Monday, September 19, 2011

Wet and Wild Basin: RMNP Bluebird Lake Trail

~14 miles (Bluebird plus Ouzel lakes)
Things looked optimistic enough when I turned into the Wild Basin TH:

But the rest of the morning was more rain than sun.

I decided to head up to the Wild Basin trail in RMNP, despite generally crappy, cold, and wet weather. I heard similar reports in Steamboat, Longs, Quandary, and the San Juans, so there weren't really any good options anywhere, it seems. Still, a chance to explore.

I planned on heading to Bluebird and Ouzel Lake, and scoping out the peaks surrounding it. Namely, Mahana and Desolation Peaks, as well as a view of Copeland Mountain and Ouzel Peak.

Without further ado, here is a picture of the glorious Bluebird Lake cirque:

Should you desire a specific view of Mahana and Desolation, here you go:

Now, the clouds/rain/snow did clear enough occasionally to get better views of some of the mountains (never all 3 at the same time), but the above pictures best capture the general idea. Ironically, I spent a winter day a few years ago making my way up to Thunder Lake on skis, breaking trail past the Ouzel/Bluebird junction, only to have even less of a view. Wild Basin owes me a nice day!

Still, it's an interesting and runnable trail, for the most part. On this day, due to the recent rain and snow, the trail was muddy and slick, with running water on top of the trail in places. The last 1.5 miles or so to Bluebird was a slower hike due to very slick rock. Additionally, some of the trail has been rerouted on downed trees, and there's thick growth on either side of the trail. Brushing against it made my pants soaking wet, instantly. I certainly could use a better solution for waterproof over-trousers! I otherwise wore all of my layers: on top, this was 5(!), which I didn't think I'd honestly need...

By the time I reached the lake, the weather was getting worse, and the wind was picking up. My hands were frozen in wet gloves, so I took some time out of the wind and tucked my hands under my clothes, waiting for that uncomfortable moment where bloodflow returns but the fingers throb intensely. After about 10 minutes, I began to feel better, and contemplated what to do next. Copeland looked like the easiest climb, maybe an hours worth or so to get over and up there, but would begin with a bushwhack that would likely get me even more wet. I watched the clouds for a bit: moving quickly up high, but with a small potential for blowing through and dissipating. Then I realized the whole thing was foolish, that even beyond the wind, rain, and wet rock, the only reward would be an abstract geographic location with no view whatsoever.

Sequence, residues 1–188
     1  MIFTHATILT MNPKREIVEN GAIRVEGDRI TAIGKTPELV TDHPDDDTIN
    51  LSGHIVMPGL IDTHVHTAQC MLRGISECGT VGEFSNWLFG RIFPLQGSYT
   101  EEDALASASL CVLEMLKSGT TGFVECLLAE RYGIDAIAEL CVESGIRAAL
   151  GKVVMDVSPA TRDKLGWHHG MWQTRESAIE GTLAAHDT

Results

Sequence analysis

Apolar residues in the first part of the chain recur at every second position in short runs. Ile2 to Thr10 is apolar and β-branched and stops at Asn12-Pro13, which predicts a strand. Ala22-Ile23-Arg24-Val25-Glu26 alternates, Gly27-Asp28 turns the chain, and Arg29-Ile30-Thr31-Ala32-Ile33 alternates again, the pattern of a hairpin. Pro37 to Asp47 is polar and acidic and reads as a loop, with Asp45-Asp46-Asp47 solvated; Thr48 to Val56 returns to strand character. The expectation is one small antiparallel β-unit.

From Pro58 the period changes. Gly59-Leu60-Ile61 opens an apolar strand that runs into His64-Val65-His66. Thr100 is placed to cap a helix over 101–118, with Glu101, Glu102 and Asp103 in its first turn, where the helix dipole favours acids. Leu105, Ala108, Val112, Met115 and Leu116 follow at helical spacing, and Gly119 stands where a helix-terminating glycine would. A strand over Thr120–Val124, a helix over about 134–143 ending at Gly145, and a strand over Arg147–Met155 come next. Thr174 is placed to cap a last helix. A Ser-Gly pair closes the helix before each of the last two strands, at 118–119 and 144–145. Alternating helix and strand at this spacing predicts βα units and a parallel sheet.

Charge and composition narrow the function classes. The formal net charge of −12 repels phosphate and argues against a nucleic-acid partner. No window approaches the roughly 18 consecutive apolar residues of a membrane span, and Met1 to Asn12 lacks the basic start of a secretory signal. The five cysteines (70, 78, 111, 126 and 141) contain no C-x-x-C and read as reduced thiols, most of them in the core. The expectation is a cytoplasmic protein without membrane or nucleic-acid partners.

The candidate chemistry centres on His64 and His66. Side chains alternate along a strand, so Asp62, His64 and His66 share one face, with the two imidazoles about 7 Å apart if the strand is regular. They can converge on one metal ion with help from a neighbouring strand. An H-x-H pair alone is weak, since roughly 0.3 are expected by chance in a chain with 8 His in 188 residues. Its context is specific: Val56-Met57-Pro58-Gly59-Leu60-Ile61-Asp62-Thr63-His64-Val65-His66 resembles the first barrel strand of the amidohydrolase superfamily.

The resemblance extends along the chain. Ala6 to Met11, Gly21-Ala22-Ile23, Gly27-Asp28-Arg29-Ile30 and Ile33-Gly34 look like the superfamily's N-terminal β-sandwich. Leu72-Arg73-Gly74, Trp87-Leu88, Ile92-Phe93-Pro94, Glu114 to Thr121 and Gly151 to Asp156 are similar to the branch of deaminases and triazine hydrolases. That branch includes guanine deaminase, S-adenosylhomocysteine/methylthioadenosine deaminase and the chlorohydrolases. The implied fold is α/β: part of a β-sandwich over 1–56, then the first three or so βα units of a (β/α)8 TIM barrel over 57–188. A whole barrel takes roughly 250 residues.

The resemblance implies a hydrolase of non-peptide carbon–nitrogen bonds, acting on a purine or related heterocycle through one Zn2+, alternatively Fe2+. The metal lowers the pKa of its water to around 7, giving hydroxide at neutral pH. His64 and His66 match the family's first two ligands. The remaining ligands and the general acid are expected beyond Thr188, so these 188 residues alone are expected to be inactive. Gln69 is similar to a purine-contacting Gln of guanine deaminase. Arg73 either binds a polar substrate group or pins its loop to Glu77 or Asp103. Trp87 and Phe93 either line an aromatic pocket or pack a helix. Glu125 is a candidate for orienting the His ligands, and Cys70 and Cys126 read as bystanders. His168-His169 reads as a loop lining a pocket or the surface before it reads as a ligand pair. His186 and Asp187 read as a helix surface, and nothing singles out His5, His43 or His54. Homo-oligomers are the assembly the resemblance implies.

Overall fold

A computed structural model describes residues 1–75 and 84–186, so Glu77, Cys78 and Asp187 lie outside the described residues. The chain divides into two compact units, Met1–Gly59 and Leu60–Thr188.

So I took my time and headed over to check out Ouzel Lake, before heading back down the main trail. I kept looking over my shoulder, as every once in awhile a small patch of blue sky would appear, before clouds swirled in to fill the void. This is foolish, I should come back another day. Anyway, I certainly should like to come back. Mahana and Desolation would still be two of my top picks, but I found Copeland Mtn. to be more inspiring than I was led to believe: it's generally a bulbous blob of a mountain, but the north face vantage shows interesting spikes and turrets that make it look more like a legitimate mountain. A loop from Pear Lake might be an interesting day. Beyond these easier Class 3 peaks are opportunities for Ogallala, Ouzel, and Elk Tooth.

But all of this would have to wait for another day, and I headed back down the trail. The rain stopped and temperature warmed up a bit, so I enjoyed some of the surroundings more. I can't believe how many wildflowers are left this late in the year; and, I was able to enjoy wild raspberries in late September!

Besides wildflowers and raspberries, what is all this water good for?

Super Mario mushrooms?

Lily pads?


Can't take that stuff for granted, either.
Still, I look forward to coming back on a "bluebird" day instead!


  1. There were a lot of uncomfortable outings this weekend! So far I've read yours, Dakota's, Brendan Trimboli's. Brrr!

    Still looks fun though. That basin is spectacular. I last went on a partly cloudy day (flat light), and I'd really like to get up there on a totally clear day.

    You really get great views on the upper trail spur from Allenspark. You can do a loop up there from Calypso Falls, and take a left back down into the valley to the the Wild Basin lot.

    I was amazed at how long it took since I was hiking that day. It took me hours to do a round trip to Ouzel Falls and I don't think I got even halfway down the valley. The basin is huge.

  2. Can you please stop? I mean all the posts between you and Mtnrunner2 and HappyTrails. "Went someplace epic. Ran. Saw the face of God. Was inspired so I ran more."


    Can't you comment at length on how people suck or something?

  3. GZ - Good one. So sayeth the guy with the runnable peak paradise 15 minutes away.

    Hey, do you know how hard it is to NOT say bad things? It's the malcontent's version of an ultra.

  4. Malcontent's version of an ultra ... awesome. It is all mental man.

  5. Yup, it was wet and cold everywhere it seems.
    And GZ, you surely have great opportunities nearby! So too does FC and Lakewood -- which I was able to appreciate even more when trapped in Aurora!

    "I went to the [mountains] because I wished to live deliberately" -- the morning jaunts are intended to beat the misanthropy out of me. Ha! I've heard many other runners say the same. I think it works, because I was in a talkative mood with the college/hometown/sports team sweater-wearing tourists in the bottom 2 miles of the trail. That lasted until I stopped in Estes and became overwhelmed with the crowds as usual.

    Mostly, though, as InsideTrail put it, I expect this blog to remain one of the 200 or so happy/sunshiny blogs out there.